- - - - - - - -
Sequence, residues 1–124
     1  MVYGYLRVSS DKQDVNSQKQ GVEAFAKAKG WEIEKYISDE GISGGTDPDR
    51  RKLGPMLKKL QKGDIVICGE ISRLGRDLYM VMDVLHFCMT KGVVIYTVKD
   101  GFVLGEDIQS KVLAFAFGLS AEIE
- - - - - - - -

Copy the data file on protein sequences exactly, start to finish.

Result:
Sequence, residues 1–124
     1  MVYGYLRVSS DKQDVNSQKQ GVEAFAKAKG WEIEKYISDE GISGGTDPDR
    51  RKLGPMLKKL QKGDIVICGE ISRLGRDLYM VMDVLHFCMT KGVVIYTVKD
   101  GFVLGEDIQS KVLAFAFGLS AEIE